You don't hear a lot about Tesla (TSLA -0.52%) and advertising. If it does come up, it's largely anecdotal, as in stories about CEO Elon Musk's distaste for marketing missives or how the country's leading electric vehicle maker doesn't pay up for spots on radio or TV the way that its rivals do to get noticed.
Tesla does not advertise or pay for endorsements. Instead, we use that money to make the product great. https://t.co/SsrfOq1Xyc-- Elon Musk (@elonmusk) May 19, 2019
The obvious argument is that Musk doesn't need to pay for media spots. Tesla's aspirational brand and the product's strong word of mouth make it easy for the cars to sell themselves. During 2020 when most car sales sputtered in the wake of the global pandemic, Tesla saw its revenue climb 28%, nearly double the prior year's rate. The top line soared 71% last year, climbing another 81% and 42% through the first two quarters of this year, respectively.
Earlier this summer Musk mentioned that Tesla may change its tune, but it wouldn't be about putting out flashy ads of Tesla's fast cars and head-turning features. Musk's theory is that traditional media outlets routinely bash Tesla and protect other automakers because it's the competition that pays them for ads. In this scenario, Tesla paying for ads would be its way to clear the air. It's an interesting theory, but let's flip the flow to ponder something else entirely. Could Tesla be the next major ad platform?
It all "ads" up
I've been a hearing an ad pop up quite a bit lately as I drive around in my Tesla streaming CNBC on the built-in TuneIn app. It's for virtual human resources provider Bambee. It's an unfortunate spelling for a company advertising on radio, but that's not my point. The spot ends with a dedicated website landing page for Tesla drivers.
I heard plenty of platform-specific targeted ads when I was listening to satellite radio in my pre-Tesla days, but Sirius XM Holdings makes no bones about advertising as an important revenue channel beyond driver subscriptions. This is Tesla. I scoured its latest 10-Q filing, and there wasn't one mention of the word "advertising" in Tesla's 60-page document.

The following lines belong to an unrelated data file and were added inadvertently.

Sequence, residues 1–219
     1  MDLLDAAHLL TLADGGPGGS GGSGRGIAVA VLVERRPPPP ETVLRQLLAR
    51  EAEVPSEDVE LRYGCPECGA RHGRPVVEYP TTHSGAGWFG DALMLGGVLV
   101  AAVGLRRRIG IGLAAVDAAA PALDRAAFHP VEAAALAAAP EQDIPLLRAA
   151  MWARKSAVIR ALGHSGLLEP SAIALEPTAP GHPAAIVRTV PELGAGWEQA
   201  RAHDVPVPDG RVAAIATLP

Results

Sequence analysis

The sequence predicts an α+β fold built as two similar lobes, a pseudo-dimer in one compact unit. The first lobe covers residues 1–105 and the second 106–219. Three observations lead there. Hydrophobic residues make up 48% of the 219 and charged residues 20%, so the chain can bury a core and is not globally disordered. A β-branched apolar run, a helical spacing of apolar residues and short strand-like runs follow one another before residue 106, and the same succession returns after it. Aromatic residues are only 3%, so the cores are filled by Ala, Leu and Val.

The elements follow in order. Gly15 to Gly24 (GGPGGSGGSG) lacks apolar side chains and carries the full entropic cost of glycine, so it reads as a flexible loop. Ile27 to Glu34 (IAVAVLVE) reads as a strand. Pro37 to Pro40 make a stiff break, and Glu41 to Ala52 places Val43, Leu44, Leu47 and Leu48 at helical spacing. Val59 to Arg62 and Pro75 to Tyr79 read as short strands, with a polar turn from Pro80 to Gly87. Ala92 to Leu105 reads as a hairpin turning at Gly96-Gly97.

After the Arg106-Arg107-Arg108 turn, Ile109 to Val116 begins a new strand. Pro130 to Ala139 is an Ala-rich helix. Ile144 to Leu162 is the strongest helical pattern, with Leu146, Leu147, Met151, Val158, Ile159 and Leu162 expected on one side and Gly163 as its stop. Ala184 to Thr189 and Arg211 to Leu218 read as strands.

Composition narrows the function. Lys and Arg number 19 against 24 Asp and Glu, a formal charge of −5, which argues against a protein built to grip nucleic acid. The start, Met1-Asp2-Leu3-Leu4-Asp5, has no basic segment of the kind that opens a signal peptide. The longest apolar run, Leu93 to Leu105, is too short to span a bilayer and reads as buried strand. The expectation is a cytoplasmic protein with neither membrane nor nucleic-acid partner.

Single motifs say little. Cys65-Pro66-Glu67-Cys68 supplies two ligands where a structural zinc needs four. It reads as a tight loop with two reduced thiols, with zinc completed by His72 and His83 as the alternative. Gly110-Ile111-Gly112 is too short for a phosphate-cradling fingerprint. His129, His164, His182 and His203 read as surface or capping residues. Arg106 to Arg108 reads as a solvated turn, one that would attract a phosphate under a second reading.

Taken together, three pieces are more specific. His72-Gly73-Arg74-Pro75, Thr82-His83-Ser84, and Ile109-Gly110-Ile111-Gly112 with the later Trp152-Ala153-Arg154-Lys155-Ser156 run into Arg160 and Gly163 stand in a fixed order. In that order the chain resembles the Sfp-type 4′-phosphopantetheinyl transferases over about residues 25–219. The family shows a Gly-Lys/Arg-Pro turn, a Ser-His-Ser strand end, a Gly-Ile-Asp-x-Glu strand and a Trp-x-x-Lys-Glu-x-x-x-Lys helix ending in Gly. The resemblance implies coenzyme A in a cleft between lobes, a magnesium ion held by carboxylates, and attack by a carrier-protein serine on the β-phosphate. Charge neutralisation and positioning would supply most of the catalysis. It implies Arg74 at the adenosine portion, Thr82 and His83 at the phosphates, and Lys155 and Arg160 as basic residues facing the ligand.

I'm not sure if Tesla is getting any money from the ads streaming on third-party apps available through its touchscreen. I don't know if the ad revenue is split between TuneIn, CNBC, and Tesla, but the spot is clearly only playing to Tesla drivers. Either way, it's not moving the needle for a company with $67 billion in trailing revenue. However, as the Tesla driver base grows -- and it is expanding rapidly -- this could be another secret weapon for Tesla to monetize its platform.
Musk may not be a fan of advertising, but he is a fan of money. By the time 2030 rolls around and Tesla is pushing out 20 million new cars every year, it's going to be a force in the world of marketing whether it wants to be or not. Digital audio ads are already gaining momentum, and you can imagine that advertising agencies and platforms will pay top dollar to reach Tesla drivers on the go.
Digital radio ads would be just the beginning, of course. Every retail business owner within walking distance of a Tesla Supercharger station would love to send special offers to woo drivers with time to kill. Tesla could be the fee-collecting middleman. As Tesla's audience grows it wouldn't be a surprise to see proprietary audio content and perhaps even video when the vehicles are stationary. That's another marketing opportunity, and I'm just scratching the surface.
Selling cars, services, and high-margin over-the-air upgrades will always be the real drivers for Tesla. However, the top dog of electric car stocks isn't cultivating a growing base of fans just to ignore other obvious revenue streams. It may not make sense now, but I bet if I scour a much longer 10-Q in a couple of years, "advertising" will be seen and heard, loud and clear.